Well here I am, on the road again, this time to hunt down the finest Christmas Markets in Germany, and the first one on my to visit happens to be the one not far from my backyard, in the state capital of Thuringia, Erfurt. There are a lot of interesting points of interest which makes Erfurt one of the most preferred places to live. It has the oldest bridge in the state and the last of its kind in Europe with the Krämerbrücke; it has one of the largest cathedrals in Germany the Erfurter Dom, and it has two universities each located on opposite poles of the city with 250,000 inhabitants (minus the suburbs). But when it comes to Christmas time, all of the city is wild and crazy in its Christmas market. For those who have never visited the eastern part of the country, apart from trying its regional specialties, like Vita Cola (equivalent to Coca Cola) and Born mustard, one should take at least a half day to visit the Christmas market in Erfurt. Basically, the Christmas market is divided up into three different segments. There is one in the city center known as Anger. This is strategically located next to the shopping center Anger 1 and it is easily accessible by street car as the two main lines meet here. Going a bit further to the north, one will see another segment of the Christmas market at Wenigermarkt, which is located next to the Krämerbrücke at the east entrance to the structure. There and on the bridge itself, one will find the local specialties in terms of beverages and food, including a local chocolate store, which makes Brückentruffels (thimble-like chocolate lazmoges which melts in your mouth and not in your hand) by hand. But the main attraction is 10 minutes by foot to the west, where the Erfurter Dom is located. 250 square meters of food, folks, and fun are all located right in front of the steps going up to the doors of the cathedral. One can try almost everything at the booths, from Langos (a Hungarian specialty), to Eierpunsch (heated egg nog with whipped cream), to the local Glühwein (mulled or spiced wine). My favorite of these specialties are the Erfurter Domino Steine. To understand what a Domino Stein is, it is a chocolate covered pastry cube with a spread of filling inside it. Germany is famous for its western kind of Domino Stein, made in Lübeck (which is east of Hamburg and Flensburg) and Aachen (which is west of Cologne and Düsseldorf near the border to France). This is made with a thick layer of marmalade sandwiched with pastry on the bottom and marzipan (an almond-flavored paste) on top. However despite the fact that this type of Domino Stein was part of the East German culture and was deemed irrelevant in the eyes of many who just wanted to see a reunited Germany without the socialist mentality, the Erfurter version of Domino Stein exists at the Christmas market in Erfurt! The pastry is not so sweet and there is only a thin layer of marmalade sandwiched between two layers of pasty and covered in chocolate made locally! When I first tried it back in 2001, I fell in love with it right away. Recently, while having an Erfurt English Roundtable at the Christmas market, there were many students who had never tried this specialty before. Therefore, it was my duty to take them there so that they can taste it. Many of them really liked it and some wanted to buy them to take it home with them to share with their families. I usually take 3-4 bags of them to the US when I spend Christmas with my family in Minnesota as they too relish at trying something that is not common over there and can rarely be found in Germany.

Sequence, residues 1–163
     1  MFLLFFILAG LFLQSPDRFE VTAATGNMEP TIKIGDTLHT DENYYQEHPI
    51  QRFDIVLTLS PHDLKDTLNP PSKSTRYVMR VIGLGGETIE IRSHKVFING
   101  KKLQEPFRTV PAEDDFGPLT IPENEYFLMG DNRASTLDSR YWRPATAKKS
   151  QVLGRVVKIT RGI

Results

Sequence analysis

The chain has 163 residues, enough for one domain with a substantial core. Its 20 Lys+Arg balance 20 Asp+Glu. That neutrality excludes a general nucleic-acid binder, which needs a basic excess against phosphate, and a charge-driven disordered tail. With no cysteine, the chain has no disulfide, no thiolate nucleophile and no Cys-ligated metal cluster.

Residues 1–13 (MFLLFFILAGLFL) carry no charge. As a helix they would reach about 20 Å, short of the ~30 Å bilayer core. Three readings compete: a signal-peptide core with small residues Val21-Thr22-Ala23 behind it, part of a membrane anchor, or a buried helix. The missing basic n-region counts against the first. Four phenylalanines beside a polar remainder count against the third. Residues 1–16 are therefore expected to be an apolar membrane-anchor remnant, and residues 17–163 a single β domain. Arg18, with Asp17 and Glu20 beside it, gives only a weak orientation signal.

But even if you don’t want to try the Erfurt Domino Stein or any of the specialties there, the landscape at Christmas time in Erfurt, and the holiday joy that goes along with that is something that you must see. One can get a picturesque view of the main Christmas market at Erfurter Dom at any hour of the day. Even when the Christmas market closes at 9:00pm at night and the booths are closed up waiting to be opened again the next day, there are still many people who celebrate over Glühwein and another Thuringian specialty that is very common, the Thuringian bratwurst, as the lights on the huts and the Christmas tree keeps shining through the night, the steam from the chestnut locomotive continues to emit the smell of holiday incense, and the cathedral is lit up to a point where one can see it from the plane when taking off or landing at the airport in Bindersleben (a suburb to the north and west of Erfurt). Going through the Christmas market at any time of the day, one will hear the bartender of the Glühwein booth holler at the top of his lungs “Ich habe Trinkgeld bekommen!” (I got a tip) every five minutes, or listen to local musicians play on the streets or in the shopping center Anger 1. Going into the cathedral, one can pay their respects to their loved ones by lighting a candle or see an annual Christmas tree display in the church cellar.  And lastly, one can also see friends and family gathering at the tables of the booths, drinking a Glühwein and reminiscing about the past, talking about the present, and thinking about the future; especially when it comes to children and grandchildren. In either case, if there is an unwritten rule when it comes to visiting the eastern part of Germany, never forget to visit Erfurt; especially at Christmas time, because that is where the Fs are: food, family, friends and especially, fun!